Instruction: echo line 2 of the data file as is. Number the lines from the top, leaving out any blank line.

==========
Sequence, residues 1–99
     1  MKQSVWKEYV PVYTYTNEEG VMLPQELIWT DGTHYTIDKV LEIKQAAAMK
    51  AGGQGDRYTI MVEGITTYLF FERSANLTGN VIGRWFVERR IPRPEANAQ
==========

     1  MKQSVWKEYV PVYTYTNEEG VMLPQELIWT DGTHYTIDKV LEIKQAAAMK